As a bonus, you will have more control over the content your children are viewing.
#8 – Be Available
We all lead busy lives, and there are times when a half hour of TV for the kids is the only way you can get dinner on the table.
But when possible, be available to engage in activities with your kids. Especially for younger kids, your attention and engagement are important. The more time they spend in activities with you, the less time they will spend staring at a screen.
Bring them into the kitchen and give them age-appropriate tasks to help with dinner. Sit down to play a game together in the evening rather than separating to watch your own shows. And even when “Netflix and chill” is the order of the day, consider watching together.
#9 – Get Ready for Road Trips
A long road trip is a recipe for too much screen time, so plan for other entertainment options.
A lap desk for the car is a great way to give kids a surface on which to draw, color, and even play games. Magnetic travel versions of favorites like tic tac toe are a great interactive activity.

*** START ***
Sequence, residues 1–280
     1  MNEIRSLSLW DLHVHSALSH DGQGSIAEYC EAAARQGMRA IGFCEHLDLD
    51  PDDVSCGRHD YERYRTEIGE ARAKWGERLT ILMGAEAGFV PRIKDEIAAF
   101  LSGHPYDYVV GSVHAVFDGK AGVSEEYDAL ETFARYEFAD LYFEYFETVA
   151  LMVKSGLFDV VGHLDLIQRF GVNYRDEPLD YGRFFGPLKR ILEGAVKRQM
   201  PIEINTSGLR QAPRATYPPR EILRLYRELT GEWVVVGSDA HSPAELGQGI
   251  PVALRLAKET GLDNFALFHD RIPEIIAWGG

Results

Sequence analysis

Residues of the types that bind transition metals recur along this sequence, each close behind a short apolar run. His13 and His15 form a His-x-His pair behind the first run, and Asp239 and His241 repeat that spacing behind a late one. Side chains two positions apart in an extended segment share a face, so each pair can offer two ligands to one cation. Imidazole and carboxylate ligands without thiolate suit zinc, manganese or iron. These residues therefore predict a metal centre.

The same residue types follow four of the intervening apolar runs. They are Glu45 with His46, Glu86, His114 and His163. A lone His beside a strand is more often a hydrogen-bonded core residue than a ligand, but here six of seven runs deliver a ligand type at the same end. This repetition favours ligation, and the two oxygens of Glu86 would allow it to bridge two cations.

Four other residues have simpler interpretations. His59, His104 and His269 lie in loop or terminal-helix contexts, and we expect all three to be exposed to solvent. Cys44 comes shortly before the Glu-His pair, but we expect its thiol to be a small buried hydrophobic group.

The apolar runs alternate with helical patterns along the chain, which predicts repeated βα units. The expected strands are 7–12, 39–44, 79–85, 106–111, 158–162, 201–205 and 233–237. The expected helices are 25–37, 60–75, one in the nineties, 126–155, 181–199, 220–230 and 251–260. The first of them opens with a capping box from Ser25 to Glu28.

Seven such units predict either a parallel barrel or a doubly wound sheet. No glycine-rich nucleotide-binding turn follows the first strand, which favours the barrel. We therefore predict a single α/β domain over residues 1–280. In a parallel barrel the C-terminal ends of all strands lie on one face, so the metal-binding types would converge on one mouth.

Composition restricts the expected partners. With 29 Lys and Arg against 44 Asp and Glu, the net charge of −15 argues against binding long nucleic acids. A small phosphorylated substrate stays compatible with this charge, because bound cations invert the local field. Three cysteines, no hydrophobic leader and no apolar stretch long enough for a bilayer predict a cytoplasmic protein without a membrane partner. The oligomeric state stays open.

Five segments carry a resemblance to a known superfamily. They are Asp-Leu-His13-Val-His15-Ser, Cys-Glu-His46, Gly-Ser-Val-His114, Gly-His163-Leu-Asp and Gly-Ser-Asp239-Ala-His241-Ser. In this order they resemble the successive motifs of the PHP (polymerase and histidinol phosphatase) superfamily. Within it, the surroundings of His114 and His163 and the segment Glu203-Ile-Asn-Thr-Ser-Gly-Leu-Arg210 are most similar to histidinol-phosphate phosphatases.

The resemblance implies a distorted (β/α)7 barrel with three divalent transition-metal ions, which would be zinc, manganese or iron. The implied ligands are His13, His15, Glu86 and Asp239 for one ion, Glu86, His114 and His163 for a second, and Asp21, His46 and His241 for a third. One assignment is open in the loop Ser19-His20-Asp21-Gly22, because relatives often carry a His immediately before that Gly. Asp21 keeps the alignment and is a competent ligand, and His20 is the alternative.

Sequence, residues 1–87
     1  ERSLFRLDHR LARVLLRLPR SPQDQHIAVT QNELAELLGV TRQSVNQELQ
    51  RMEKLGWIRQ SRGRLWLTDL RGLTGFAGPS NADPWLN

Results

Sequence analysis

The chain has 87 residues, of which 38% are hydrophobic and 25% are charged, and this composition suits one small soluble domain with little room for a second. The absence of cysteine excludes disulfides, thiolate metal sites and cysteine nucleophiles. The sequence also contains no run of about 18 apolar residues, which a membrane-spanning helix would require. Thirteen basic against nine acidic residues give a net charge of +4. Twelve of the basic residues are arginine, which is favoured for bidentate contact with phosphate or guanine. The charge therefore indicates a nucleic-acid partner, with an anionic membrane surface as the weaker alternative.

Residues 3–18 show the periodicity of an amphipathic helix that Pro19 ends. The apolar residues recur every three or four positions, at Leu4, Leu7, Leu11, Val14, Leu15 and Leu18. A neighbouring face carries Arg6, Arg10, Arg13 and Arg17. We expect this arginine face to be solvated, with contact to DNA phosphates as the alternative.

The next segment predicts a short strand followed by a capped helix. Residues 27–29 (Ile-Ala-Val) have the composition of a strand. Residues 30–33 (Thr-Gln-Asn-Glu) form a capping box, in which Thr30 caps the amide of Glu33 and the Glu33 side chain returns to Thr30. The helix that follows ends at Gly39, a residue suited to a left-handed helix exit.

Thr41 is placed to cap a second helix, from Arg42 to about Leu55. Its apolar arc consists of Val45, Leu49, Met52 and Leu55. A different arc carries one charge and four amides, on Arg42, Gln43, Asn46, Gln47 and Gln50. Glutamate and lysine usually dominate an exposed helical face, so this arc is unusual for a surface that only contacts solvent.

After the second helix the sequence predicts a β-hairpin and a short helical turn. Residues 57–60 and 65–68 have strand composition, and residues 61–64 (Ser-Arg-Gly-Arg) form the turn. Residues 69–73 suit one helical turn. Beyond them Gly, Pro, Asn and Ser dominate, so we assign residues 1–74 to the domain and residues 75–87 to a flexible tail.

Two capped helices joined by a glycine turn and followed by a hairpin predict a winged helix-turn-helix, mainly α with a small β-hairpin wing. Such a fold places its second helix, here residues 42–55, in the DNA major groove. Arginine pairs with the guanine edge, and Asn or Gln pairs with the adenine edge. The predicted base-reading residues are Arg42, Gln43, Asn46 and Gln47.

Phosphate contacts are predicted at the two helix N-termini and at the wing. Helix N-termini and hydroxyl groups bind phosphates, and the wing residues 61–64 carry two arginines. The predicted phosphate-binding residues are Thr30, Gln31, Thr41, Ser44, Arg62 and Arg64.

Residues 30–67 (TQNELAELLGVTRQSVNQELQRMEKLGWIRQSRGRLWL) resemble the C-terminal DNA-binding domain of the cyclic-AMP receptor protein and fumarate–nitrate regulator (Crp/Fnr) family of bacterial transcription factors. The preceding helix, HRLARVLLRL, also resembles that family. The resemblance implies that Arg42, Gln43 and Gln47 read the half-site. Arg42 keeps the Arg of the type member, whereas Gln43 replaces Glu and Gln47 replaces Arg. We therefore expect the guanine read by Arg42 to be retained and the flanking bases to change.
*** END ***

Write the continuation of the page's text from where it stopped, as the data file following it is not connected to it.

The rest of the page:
#10 – Make it Non-Negotiable
Sticking to hard-and-fast screen time rules isn’t easy, particularly in the summer months, but it’s important to stick to them as much as you can.
While there will always be times when you have to let the rules slide – when the flu hits the house, for example, and everyone is couch bound – try not to let it happen.
Don’t use extra screen time as a reward, and be prepared to explain that the rules might be different at a friend’s house, or at Grandma’s, but they aren’t negotiable at home.
The screen time struggle is one of the big challenges facing parents today. Fortunately, there are a lot of tools out there to help win the battle, and you can take comfort in knowing you’re not alone.
The bottom line: consistency and good role modeling of screen time behaviors will pay off in the long run. Stand firm and remember that as much as they might dislike it now, your kids will understand and appreciate your efforts one day.
Leslie Kasperowicz holds a B.A. in Social Sciences from the University of Winnipeg, and is a Staff Writer at ExpertInsuranceReviews.com. Her ten-year freelance writing career has covered topics from insurance to entertainment reporting. She lives in Minnesota with her husband and two sons.